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WHAT OTHERS SAY: Don't like politics? Disengaging is no solution

Wednesday, August 13, 2014 | 6:00 a.m. CDT

An axiom of American politics is citizens that dislike Congress but not their congressman.

That maxim is reflected both in a new Associated Press-GfK poll and in the result of last week's primary.

The poll findings largely focus on citizens’ dislike for Congress. Those finding include:

  • Only 28 percent of Americans believe the nation is heading in the right direction.
  • A mere 13 percent of Americans approve of the way Congress is handling its job.
  • Neither political party is trusted much to manage government, with 27 percent indicating little faith in Republicans and 24 percent in Democrats.
  • Overall, 36 percent want their own member of Congress re-elected, while 62 percent favor someone else.
  • Among Americans who identify themselves as highly likely to vote this fall, 43 percent would like to see their representative in Congress re-elected.

The poll indicates Americans are frustrated by politics, which may prompt them to become disengaged, a notion reinforced by Missouri’s dismal statewide voter turnout, which failed to attain 25 percent.

Nevertheless, the second part of the axiom — people like their own congressman — also is supported by the primary results.

In Missouri, all eight incumbents in the U.S. House advanced, including three who faced no primary opponent.

An additional ingredient to be considered — one we highlighted after the filing deadline — is the obvious dearth of candidates for public office.

In this forum on April 8, two political science professors addressed some of the political and financial hurdles that cause prospective candidates to say “why bother?”

This “why-bother?” attitude is becoming an epidemic, infusing and paralyzing the American electorate.

Indicators show we are in a political tailspin.

Faith in government is plummeting and our reaction, disengagement and apathy, will not avert political calamity.

Copyright Jefferson City News Tribune. Reprinted with permission.


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Comments

Richard Saunders August 13, 2014 | 7:32 a.m.

Politics is EVIL, thus disengagement is the only moral option. Never feed The Beast with support OR active opposition, as both only further empower those who choose to enslave others. The only positive action is to walk away, and The Beast will die under it's own unsustainable weight. Do not trust anyone who tries to convince you otherwise.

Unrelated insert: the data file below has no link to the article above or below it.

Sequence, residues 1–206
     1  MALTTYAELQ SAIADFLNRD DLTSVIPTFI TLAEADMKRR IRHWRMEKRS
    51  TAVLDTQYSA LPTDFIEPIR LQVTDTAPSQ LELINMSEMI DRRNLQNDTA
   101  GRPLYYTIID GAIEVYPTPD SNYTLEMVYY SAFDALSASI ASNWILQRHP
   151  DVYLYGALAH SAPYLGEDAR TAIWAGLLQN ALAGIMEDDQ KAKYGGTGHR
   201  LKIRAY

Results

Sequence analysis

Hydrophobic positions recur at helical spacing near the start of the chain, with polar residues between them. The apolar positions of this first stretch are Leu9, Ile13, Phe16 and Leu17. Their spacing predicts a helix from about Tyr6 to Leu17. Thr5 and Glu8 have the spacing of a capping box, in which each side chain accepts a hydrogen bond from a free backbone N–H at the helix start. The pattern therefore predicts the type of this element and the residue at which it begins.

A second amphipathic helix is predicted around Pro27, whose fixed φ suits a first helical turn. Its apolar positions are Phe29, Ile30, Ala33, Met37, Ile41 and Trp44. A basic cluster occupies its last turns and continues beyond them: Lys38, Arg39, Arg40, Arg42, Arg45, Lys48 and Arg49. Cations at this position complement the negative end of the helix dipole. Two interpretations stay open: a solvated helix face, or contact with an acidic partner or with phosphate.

(Report Comment)
Ellis Smith August 13, 2014 | 8:49 a.m.

Politics is/are evil? Maybe the REAL problem, Richard, is that both politics and those attempting to make a living from practicing them or commenting about those practicing it appear to be VASTLY OVERRATED!

Politics, no matter whose, has/have never been VAST, but an excellent case can be made that more than a little of it is decidedly HALF-VAST.

I note this must be our day for multiple subjects. Indeed, funding for, and availability of, psychiatric services is a national problem. A major provider in the Des Moines metro area just closed their services, saying that while they are continuing to provide (even expand) other clinical services they can't continue forever in the financial red with psychiatric ones. This has caused even persons who can easily afford such servies to scramble for alternate providers. An inital appointment with a new provider now runs to late October or early November.

All for today from Arkansas del Norte, aka Phelps County, Missouri, where our men are strong and our women are truly glad of it. Please pass the Skoal. :)

(Report Comment)
Mark Foecking August 13, 2014 | 12:10 p.m.

" The only positive action is to walk away, and The Beast will die under it's own unsustainable weight."

No. All that will do is take the vote away from you. It will mean that a handful of people control who gets elected and what policies are enacted.

You may as well wish for a benevolent dictatorship (which is an ideal form of government but has never been practically achieved).

DK

(Report Comment)
Ellis Smith August 14, 2014 | 6:21 a.m.

@ Mark Foecking:

I agree that a benevolent dictatorship has yet to be achieved in the ADULT world, but such a condition was achieved in private primary education.

Consider the case of "Our Lady of Perpetual Misery" parochial grade school, where Sister Luke reigned supreme. Sister Luke was definitely a benevolent dictator.

Sister Luke would have been envied by agents of governments such as National SOCIALISM or the Union of Soviet SOCIALIST Republics in that she had perfected her ability, using nothing more than a ruler, to inflict instant pain by rapping an errant student's knuckles - yet leaving no lasting marks of inflicted torture.

Students thus disciplined quickly learned not to go home and complain to their parents, as the parents might take another ruler and administer further punishment - not necessarily to the student's knuckles.

Thank heavens, Mark, that we live in a more "enlightened" era. :)

(Report Comment)

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